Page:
It is clear that any employee injured at work is entitled to workers’ compensation benefits. New Jersey state law dictates that in order for a claim to succeed, the worker “must prove that his or her injury arose out of and in the course of employment” (N.J.S.A. 34:15-7). In the majority of cases, this is quite easy to prove because the injury most obviously occurred on the job site, while the employee was completing assigned job duties. For example, a medical worker pulls out his back while lifting and moving a patient. Or, an electrician sustains a burn while installing wires. But in some cases, the qualifications of a “work-related” injury are not quite so simple.
What really qualifies as an injury that occurred “out of and in the course of employment” is not always cut and dry. For example, maybe the employee was not on workplace property, but was completing a task to benefit the employer when they became injured. Or maybe the employee was technically on the clock, but was not completing assigned job duties when an accident occurred. The following blog will discuss what qualifies an injury as “work related” and look at some of the gray areas.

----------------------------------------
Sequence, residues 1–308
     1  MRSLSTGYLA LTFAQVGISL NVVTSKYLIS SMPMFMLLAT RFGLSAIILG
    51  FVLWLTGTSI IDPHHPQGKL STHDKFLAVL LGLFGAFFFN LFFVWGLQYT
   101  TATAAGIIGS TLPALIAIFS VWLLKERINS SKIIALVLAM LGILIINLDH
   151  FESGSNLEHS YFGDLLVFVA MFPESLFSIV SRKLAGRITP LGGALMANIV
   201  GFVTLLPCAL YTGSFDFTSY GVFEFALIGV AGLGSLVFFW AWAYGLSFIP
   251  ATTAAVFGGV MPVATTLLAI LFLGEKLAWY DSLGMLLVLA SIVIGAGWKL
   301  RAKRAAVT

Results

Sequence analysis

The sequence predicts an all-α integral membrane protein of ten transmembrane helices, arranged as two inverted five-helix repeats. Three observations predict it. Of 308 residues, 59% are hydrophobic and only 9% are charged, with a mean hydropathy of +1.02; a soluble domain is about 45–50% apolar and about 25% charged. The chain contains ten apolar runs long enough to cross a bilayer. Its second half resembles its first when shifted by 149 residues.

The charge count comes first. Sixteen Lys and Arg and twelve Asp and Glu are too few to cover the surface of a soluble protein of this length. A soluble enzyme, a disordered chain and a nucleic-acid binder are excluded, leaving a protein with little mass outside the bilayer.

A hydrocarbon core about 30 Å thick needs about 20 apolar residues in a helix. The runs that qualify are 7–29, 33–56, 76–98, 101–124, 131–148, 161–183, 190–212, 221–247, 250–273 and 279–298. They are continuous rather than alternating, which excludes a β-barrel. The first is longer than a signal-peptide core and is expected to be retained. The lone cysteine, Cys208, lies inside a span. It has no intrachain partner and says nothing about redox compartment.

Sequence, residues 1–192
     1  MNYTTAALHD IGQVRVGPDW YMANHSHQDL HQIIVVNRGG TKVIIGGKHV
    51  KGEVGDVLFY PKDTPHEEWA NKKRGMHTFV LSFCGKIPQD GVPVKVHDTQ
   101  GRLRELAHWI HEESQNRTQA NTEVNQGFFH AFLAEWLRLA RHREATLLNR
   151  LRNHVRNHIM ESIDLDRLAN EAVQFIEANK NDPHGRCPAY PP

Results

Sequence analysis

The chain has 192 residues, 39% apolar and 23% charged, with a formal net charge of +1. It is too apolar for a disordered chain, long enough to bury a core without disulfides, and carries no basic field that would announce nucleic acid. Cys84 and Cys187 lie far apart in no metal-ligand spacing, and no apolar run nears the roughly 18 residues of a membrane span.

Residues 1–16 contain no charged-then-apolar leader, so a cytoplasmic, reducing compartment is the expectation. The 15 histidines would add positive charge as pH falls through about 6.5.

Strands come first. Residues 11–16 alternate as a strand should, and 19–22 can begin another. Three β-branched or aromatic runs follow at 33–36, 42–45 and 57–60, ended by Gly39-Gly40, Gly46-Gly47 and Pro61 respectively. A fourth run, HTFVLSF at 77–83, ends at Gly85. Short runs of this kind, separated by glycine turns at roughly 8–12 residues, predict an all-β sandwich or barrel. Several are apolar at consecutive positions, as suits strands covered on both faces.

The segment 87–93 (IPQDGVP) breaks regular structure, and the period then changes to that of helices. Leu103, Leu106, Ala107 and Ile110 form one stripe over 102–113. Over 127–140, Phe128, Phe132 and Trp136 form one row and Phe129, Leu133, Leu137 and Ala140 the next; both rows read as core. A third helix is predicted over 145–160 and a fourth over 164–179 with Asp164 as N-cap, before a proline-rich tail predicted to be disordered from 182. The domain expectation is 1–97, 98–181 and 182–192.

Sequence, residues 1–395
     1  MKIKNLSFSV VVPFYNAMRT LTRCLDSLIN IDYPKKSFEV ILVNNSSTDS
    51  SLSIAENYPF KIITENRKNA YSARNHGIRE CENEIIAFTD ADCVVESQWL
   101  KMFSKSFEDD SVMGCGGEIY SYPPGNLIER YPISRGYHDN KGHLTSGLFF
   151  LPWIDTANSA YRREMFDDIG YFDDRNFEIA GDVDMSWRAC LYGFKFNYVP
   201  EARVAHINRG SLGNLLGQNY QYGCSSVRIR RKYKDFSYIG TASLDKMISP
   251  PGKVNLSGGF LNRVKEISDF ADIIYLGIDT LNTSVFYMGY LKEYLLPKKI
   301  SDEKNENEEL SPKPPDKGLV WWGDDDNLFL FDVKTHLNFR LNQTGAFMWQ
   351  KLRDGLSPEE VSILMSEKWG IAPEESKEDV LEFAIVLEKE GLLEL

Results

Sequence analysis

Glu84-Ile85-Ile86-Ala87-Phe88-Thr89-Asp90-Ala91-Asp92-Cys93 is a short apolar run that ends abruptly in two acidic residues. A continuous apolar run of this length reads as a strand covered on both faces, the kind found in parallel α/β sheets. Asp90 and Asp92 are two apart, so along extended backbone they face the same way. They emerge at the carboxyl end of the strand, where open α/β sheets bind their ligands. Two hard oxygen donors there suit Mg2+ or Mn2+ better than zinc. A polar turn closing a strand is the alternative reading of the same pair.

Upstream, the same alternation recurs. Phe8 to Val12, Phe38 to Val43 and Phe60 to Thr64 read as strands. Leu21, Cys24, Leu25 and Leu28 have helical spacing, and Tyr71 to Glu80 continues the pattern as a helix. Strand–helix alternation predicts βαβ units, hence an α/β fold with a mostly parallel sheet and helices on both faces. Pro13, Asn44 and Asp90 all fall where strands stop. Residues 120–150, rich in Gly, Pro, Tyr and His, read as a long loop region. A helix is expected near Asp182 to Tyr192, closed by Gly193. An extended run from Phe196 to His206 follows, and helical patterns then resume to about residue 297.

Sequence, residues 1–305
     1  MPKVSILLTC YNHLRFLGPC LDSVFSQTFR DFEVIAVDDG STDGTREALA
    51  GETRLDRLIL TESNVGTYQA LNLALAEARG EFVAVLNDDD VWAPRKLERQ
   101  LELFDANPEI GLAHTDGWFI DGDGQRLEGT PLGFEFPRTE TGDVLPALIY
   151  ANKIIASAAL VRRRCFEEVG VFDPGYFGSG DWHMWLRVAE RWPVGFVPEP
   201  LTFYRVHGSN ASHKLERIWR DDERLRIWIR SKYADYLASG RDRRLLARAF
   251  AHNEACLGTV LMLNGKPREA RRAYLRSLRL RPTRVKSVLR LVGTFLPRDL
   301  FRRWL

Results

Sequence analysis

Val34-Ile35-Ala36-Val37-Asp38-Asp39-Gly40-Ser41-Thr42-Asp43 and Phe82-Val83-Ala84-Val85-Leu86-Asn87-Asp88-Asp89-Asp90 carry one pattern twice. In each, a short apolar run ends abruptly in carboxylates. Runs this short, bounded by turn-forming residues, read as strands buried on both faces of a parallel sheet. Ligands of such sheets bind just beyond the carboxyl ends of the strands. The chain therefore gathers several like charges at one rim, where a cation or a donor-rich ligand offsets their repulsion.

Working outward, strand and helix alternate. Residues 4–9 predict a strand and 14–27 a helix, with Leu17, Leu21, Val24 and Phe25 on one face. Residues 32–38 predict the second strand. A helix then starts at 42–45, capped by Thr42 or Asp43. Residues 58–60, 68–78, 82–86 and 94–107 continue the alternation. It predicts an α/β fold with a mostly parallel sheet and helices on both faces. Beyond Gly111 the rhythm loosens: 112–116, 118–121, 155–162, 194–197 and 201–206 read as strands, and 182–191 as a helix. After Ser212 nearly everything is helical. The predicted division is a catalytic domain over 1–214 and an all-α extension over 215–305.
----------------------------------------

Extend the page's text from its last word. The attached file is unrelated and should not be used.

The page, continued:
Just because it is not immediately obvious that an injury is work-related, does not mean the employee is ineligible to receive benefits. It just means the injured party will need to work a little harder to prove it. If your injury falls within any of the gray areas listed below, it is especially recommended that you consult with a workers’ compensation attorney regarding your situation. A skilled lawyer will gather evidence, witnesses, and build a case for you in order to prove that the injury should be considered work-related.
Straightforward Areas of Work-Related Injuries
- Company Events: Many large employers hold annual events such as barbecues, parties, or sports games. Any injury occurring at company sponsored events such are covered under workers’ compensation.
- Employee Caused Injury: New Jersey is a “no-fault” state for workers’ compensation, which means an injured worker does not need to prove fault to be eligible for benefits. Even if the incident was partly or entirely the fault of the worker, he or she is still covered.